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February 28, 2013

Scientists Find More -- and Less -- Fish in California's MPAs

Certain Species Show Greater Numbers and Size in MPAs, While Others Have Declined in Population Compared to Surrounding Areas

In the first study of the effectiveness of California's controversial coastal marine protected areas (MPAs), a scientific team is reporting that populations and sizes of several key species of fish have increased more in MPAs established in between San Mateo and Santa Barbara counties than in areas nearby, according to a report in California's Pasadena Star-News.

At the same time, the report also found that some species have declined in population compared to surrounding areas, a finding that was buried deep in the Star-News story.

The MPAs in the study were established in 2007, and researchers cautioned that years of additional study are needed, noting that in some areas there was little or no difference, according to the Star-News report. But overall, they said, the trends are encouraging -- a key finding because California's marine protected areas are being closely watched by other states and countries as a possible solution to improving the health of the world's oceans, the newspaper reported.

The 29 zones ban fishing over roughly 94 square miles and limit it in 110 additional square miles -- a combined area more than four times as large as San Francisco -- between Pigeon Point, south of Half Moon Bay, and Point Conception, near Lompoc, said the report, which made no distinction between commercial fishing and recreational fishing. The areas make up about 18 percent of state waters out to three miles.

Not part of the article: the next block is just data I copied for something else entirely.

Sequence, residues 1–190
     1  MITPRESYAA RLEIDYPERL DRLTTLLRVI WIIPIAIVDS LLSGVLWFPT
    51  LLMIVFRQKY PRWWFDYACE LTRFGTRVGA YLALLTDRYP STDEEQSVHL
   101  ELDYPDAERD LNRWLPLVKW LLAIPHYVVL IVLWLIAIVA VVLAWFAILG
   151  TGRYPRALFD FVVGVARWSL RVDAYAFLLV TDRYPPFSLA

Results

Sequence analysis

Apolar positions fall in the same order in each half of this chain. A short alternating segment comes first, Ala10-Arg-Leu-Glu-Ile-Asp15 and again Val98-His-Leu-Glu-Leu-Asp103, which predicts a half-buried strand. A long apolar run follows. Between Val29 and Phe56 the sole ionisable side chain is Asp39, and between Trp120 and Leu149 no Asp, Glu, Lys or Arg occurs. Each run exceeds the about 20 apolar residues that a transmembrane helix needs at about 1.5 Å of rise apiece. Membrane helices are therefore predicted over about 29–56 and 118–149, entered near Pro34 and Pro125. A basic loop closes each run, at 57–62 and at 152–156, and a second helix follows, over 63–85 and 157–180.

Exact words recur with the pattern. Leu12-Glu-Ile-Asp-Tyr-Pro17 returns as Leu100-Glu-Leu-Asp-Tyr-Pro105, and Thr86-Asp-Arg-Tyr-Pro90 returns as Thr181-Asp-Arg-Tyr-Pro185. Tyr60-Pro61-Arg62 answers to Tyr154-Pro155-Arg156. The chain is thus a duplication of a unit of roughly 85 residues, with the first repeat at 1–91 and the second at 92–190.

"It is fair for people to feel encouraged and optimistic," Fred Keeley, a former Monterey Bay state assemblyman who co-authored the 1999 law that required the zones to be set up, was quoted as saying. "It is a more holistic, ecosystem-wide strategy to protect species. Species don't exist in vacuums. They exist in ecosystems."

The report, written by prominent California marine scientists, was released on February 27, 2013, to coincide with a three-day conference of marine biologists, fishermen and policy makers in Monterey called the "State of the Coast Symposium." Open to the public, the event is hosted by the state Department of Fish and Wildlife, California Ocean Science Trust and others, according to the Star-News.

After the state Fish and Game Commission held hearings and approved the rules for the Central Coast in 2007, it wrote similar rules for the rest of California's 1,100-mile coastline. The most recent ones, which took effect in December, extend from Mendocino to the Oregon border.

Among the study's conclusions:

* In kelp forests, a range of economically important fish species, including cabezon, lingcod and black rockfish, increased in abundance in the MPAs compared with similar locations outside the areas from 2007 to 2012. Black rockfish, grass rockfish, cabezon and lingcod showed the largest increases.

* Copper rockfish, rubberlip sea perch and yellowtail sea perch did worse in marine protected areas, however, than the unprotected areas.

* Seven of 10 species of rockfish studied at Año Nuevo, Point Lobos, Piedras Blancas and Point Buchon were found to be larger in size inside the MPAs than outside.

* On rocky shores, numbers and sizes of black abalone and owl limpets increased inside protected areas, as did hermit crabs, purple urchins and starfish.

* Point Lobos, south of Carmel, which has been protected for 40 years, has higher numbers and larger rockfish fish than the new MPAs in nearby Carmel Bay.